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Build Your Career Work-Life Balance

What After-Hours Emails Really Do to Your Employees

What After-Hours Emails Really Do to Your Employees
Credit: Halfpoint/Shutterstock

While you may think that having your employees respond to emails after work and on the weekends is a good way to increase productivity, encouraging them to do so actually hurts their job performance, new research suggests.

Employers damage their employeesꞌ well-being and work-life balance and weaken their job performance when they create expectations that work-related emails should be monitored and responded to during non-work hours, according to study scheduled to be presented at this summer's annual meeting of the Academy of Management.

"An 'always on' culture with high expectations to monitor and respond to emails during non-work time may prevent employees from ever fully disengaging from work, leading to chronic stress and emotional exhaustion," the study's authors wrote.

It's not about the time or effort required to respond to emails, but rather about the expectations they should do so. The study's authors said this type of culture creates anticipatory stress and hinders employeesꞌ ability to fully detach from work. [See Related Story: Checking Work Email at Night? Here's Why You Should Stop]

"Organizational expectations are the main culprit of individual inability to disconnect," the study's authors wrote. "Even during the times when there are no actual emails to act upon, the mere norm of availability and the actual anticipation of work create a constant stressor that precludes an employee from work detachment."

For the study, researchers conducted surveys of 600 working adults who were recruited from a business school alumni association and LinkedIn interest groups and who had jobs in a wide variety of industries and organizations.

The first survey asked how many hours a week participants devoted to after-hours email, what type of expectations their employer has for them to respond to emails after work, their levels of psychological detachment from work and emotional exhaustion and how they feel about having to think about work issues while at home. A follow-up survey a week later inquired about their work-life balance.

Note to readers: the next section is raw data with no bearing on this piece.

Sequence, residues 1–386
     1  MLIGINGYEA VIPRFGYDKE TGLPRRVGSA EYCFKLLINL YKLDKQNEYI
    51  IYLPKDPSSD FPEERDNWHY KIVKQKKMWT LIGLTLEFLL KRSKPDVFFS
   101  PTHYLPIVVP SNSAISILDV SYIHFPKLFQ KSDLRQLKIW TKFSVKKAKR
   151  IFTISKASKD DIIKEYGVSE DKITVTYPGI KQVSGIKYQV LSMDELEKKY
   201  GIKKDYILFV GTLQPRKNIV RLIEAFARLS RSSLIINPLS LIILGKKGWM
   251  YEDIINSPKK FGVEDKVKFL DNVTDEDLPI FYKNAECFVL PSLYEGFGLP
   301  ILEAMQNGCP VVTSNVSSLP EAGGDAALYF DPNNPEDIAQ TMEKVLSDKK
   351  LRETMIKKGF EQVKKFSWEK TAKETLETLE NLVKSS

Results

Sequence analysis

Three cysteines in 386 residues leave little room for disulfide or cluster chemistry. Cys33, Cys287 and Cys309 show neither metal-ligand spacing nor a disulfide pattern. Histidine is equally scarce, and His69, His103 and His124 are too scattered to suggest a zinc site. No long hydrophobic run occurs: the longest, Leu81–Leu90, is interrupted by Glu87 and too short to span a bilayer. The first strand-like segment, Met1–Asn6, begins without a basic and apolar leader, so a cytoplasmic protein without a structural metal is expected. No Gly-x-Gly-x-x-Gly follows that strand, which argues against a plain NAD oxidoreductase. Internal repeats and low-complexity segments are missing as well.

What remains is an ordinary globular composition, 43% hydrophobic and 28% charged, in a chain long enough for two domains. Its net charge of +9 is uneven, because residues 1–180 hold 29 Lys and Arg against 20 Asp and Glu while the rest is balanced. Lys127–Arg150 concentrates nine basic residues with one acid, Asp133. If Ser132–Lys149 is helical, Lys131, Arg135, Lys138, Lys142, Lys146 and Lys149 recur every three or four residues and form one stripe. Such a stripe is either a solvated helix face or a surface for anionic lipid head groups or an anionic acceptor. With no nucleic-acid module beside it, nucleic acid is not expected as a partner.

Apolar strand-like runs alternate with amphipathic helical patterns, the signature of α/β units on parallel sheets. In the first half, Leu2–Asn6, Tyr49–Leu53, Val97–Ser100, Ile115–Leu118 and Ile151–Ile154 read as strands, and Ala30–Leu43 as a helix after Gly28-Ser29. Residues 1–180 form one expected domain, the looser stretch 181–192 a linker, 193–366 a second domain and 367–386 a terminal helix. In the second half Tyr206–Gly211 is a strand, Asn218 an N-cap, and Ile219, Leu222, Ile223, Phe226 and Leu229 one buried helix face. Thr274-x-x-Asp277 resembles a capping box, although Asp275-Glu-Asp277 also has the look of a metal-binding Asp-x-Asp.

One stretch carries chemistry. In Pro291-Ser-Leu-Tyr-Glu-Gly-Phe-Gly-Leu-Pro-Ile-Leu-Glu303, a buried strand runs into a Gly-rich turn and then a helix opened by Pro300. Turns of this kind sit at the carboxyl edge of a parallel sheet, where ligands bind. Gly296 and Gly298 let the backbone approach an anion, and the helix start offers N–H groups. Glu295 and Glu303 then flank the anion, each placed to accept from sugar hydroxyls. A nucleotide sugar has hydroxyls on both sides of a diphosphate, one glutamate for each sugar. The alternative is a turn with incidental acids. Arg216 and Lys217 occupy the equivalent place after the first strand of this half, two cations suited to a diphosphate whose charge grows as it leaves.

The study's authors discovered that the participants spent an average of about 8 hours a week reading and responding to company-related emails after hours, with greater amounts associated with less ability to detach from work. However, it was the expectations to read and respond to emails that caused greater issues.

"Diminished work detachment due to email-related overload is not necessarily caused by the time spent on handling the work email, but instead is strongly tied to anticipatory stress caused by organizational expectations," the study's authors wrote.

This lowered ability to disconnect translates into poorer work-family balance and causes emotional exhaustion, which, earlier research has shown, negatively affects job performance.

The negative effects of feeling the need to respond to emails during non-work hours was greatest on employees who strongly wish to keep their work and family separate. While these employees are generally more likely to detach from work than those who don't care as much about work bleeding into their personal lives, the insistence on after-hours email availability upsets their ability to do so.

The study's authors believe that that employees who don’t care greatly about keeping their work and personal lives completely separate may actually have an easier time disconnecting since their personal preferences do not conflict with their company's expectations.

The study was authored by Liuba Belkin, an associate professor at Lehigh University; William Becker, an associate professor at Virginia Tech University; and Samantha Conroy, an assistant professor at Colorado State University.

Chad Brooks

Chad Brooks is a Chicago-based freelance writer who has nearly 15 years experience in the media business. A graduate of Indiana University, he spent nearly a decade as a staff reporter for the Daily Herald in suburban Chicago, covering a wide array of topics including, local and state government, crime, the legal system and education. Following his years at the newspaper Chad worked in public relations, helping promote small businesses throughout the U.S. Follow him on Twitter.